These Entrepreneurs Braved New Frontiers in Franchising and Found Success Essay
With fast-evolving consumer technology and a broadening palate, the franchise world today looks very different from that of a decade ago. Cell-phone repairs. Hawaiian barbecue. Lobster food trucks. They’re all part of the movement toward anything new and everything mobile.
Opening a burger franchise is not easy, but at least there’s a template: Do what the other guys did before you, but do it better and don’t make the same mistakes. Pulling a whole new sector into the franchise industry or creating a concept from scratch? That’s a different challenge altogether.
Marcel Fairbairn knows this well. He recognized the potential of LED lighting more than a decade ago, despite underutilization by consumers and lackluster marketing by retailers.
The problem? People were using LED bulbs like incandescents—a 100-year-old technology—which is a bit like buying a supercomputer and using it only to play Pac-Man. LED bulbs are available in almost infinite combinations of color and warmth. Utilized with the right lighting systems, they’ve led to a new era of in-home lighting design, in which a room can have subtle violet hues, or the light intensity can change throughout the day. But go to a big-box store, and you’ll find LED bulbs almost all within the tiny spectrum of
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Back in 2005 when Fairbairn, who owned a lighting company, saw the prices of LED technology dropping and the migration of the tech into homes and businesses, he started Wellington, Fla.-based LED Source. Five years later he franchised the concept, bringing high-quality LEDs and professional lighting design to businesses.
It took another five years to build his brand to 15 units. Now, growing pains behind him, Fairbairn anticipates a burst of expansion in the next year, saying the public is finally ready to realize the potential of LEDs.
“There have been hills and valleys over the last five years,” he says. “Really more hills than valleys. But we see blue sky ahead.”
Fairbairn is one of many entrepreneurs bringing new concepts to the franchise world. Another is Jeff Platt, CEO of Los Angeles-based Sky Zone. In 2004 his father wanted to start an indoor trampoline league, mounting wall-to-wall trampolines in a warehouse in Las Vegas. The idea didn’t take off, and the Platts were ready to close down when curious kids from a nearby skate park took an interest in the massive jump space. One thing led to another, as they say, and the younger Platt saw potential for an industrial-scale bounce house.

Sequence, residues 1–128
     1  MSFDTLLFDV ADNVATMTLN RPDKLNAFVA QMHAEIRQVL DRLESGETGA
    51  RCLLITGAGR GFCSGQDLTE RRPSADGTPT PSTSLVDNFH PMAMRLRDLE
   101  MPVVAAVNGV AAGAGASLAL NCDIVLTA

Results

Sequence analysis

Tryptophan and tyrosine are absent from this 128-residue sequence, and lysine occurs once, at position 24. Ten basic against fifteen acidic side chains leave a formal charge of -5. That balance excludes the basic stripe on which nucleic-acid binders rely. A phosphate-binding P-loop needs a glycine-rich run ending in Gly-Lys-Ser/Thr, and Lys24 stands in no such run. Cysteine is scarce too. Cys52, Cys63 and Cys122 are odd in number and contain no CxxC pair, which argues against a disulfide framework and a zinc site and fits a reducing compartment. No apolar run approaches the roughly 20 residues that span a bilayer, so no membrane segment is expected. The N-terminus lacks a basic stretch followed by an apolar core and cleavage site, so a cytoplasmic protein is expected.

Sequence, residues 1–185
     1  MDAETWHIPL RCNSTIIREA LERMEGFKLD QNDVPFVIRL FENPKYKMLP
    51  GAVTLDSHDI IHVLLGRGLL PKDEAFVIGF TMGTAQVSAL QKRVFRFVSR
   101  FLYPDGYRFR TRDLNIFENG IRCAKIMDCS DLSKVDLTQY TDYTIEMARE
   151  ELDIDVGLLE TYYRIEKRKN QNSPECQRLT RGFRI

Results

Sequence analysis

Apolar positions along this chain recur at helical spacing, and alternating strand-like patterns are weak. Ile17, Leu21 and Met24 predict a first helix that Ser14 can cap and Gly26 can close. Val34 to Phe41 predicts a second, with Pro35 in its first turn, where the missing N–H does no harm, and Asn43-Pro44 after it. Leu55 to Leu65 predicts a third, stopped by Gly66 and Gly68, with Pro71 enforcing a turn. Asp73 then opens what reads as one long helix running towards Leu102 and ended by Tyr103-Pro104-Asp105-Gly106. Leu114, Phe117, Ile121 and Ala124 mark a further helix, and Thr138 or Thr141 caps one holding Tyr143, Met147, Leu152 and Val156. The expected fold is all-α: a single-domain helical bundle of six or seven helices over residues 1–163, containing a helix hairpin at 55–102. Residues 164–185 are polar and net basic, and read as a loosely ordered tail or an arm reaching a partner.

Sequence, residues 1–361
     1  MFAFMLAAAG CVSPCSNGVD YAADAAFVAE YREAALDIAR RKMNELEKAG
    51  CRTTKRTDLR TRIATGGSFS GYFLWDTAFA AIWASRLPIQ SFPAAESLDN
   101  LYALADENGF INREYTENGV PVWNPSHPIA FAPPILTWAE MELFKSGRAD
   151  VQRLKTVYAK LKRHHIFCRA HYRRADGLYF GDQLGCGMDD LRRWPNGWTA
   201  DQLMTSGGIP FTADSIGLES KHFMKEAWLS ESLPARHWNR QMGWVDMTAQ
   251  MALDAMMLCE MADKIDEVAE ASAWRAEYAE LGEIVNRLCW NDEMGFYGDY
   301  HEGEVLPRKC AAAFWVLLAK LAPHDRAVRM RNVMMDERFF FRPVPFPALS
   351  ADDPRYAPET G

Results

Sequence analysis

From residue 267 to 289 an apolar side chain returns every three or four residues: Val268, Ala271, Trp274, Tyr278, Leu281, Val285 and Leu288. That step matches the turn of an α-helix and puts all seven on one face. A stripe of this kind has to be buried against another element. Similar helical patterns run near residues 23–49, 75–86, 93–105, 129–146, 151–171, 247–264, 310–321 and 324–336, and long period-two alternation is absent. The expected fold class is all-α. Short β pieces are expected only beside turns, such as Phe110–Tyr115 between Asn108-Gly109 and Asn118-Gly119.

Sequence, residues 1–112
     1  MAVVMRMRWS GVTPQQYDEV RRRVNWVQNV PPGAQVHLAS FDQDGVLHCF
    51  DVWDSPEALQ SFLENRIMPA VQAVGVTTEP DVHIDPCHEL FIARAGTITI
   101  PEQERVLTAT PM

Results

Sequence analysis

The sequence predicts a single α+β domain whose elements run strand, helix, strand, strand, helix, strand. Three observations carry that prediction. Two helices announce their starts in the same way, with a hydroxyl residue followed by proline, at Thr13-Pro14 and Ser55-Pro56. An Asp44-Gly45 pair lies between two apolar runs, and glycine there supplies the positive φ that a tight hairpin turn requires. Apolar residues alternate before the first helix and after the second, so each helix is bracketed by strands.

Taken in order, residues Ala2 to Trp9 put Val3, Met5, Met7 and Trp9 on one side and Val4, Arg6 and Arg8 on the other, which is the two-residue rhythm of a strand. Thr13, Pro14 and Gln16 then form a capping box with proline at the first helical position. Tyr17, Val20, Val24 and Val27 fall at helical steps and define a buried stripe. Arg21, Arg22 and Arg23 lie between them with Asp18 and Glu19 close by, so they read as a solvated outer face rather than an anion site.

“When we started, we never imagined we would have created a full franchise category,” he remembers. “It brought with it a bunch of challenges. There was no model we could learn from. We couldn’t call a consultant. No one knew what an indoor trampoline park was. That meant creating everything from scratch.”
Today Sky Zone offers trampoline exercise classes, sports leagues and children’s parties in more than 100 locations in North America and Australia; Platt estimates the company will have 180 units open by the end of 2016.
Others, inspired by Sky Zone’s success, have developed their own versions of the trampoline park. But Platt says the competition doesn’t concern him. “Inventing this thing gave us first-mover advantage,” he says. “That’s what allowed us to get so far ahead of the competition. When you get to a certain size and scale, it lets you invest in technology and innovation. You can pour money into marketing that the competition just can’t. And having 100 units gives us more notoriety and brand equity.”
First-mover advantage is what Debra and Ken Blue are hoping to capitalize on with Blue Moon, their estate-sale franchise. In 2008 the couple moved to Raleigh, N.C., so Debra, a physician, could start a new job. A month later, Ken was laid off. That’s when the Blues opted for self-employment, deciding to turn Ken’s hobby of selling antiques into a business. In 2009 he began organizing estate sales. Soon after, Debra was driving down the highway when she saw a billboard that said “Franchise your business.”
“It struck me—that’s exactly what we need to do,” she recalls. “And that’s been our mission ever since.”
The Blues expanded their estate-sale concept locally, carefully systematizing their processes and identifying sticking points future franchisees might face. The biggest hurdle was pricing. In addition to creating a back-end system that helps franchisees price objects and develop a network of local appraisers, the Blues set up a boot camp where franchisees learn to discern valuable furniture, knickknacks and electronics from junk.
“When we looked around to see if anyone was doing this in the franchise world, we didn’t find anyone with a pure estate-sale model of business,” says Debra, who retired from medicine two and a half years ago to work on Blue Moon, which currently has 11 units. “We thought long and hard about what keeps people out of this business and realized it’s that they aren’t sure how to determine what things are worth. That requires a fairly huge knowledge base. We realized that, collectively, we have enough experience to help with values or point them in the right direction.”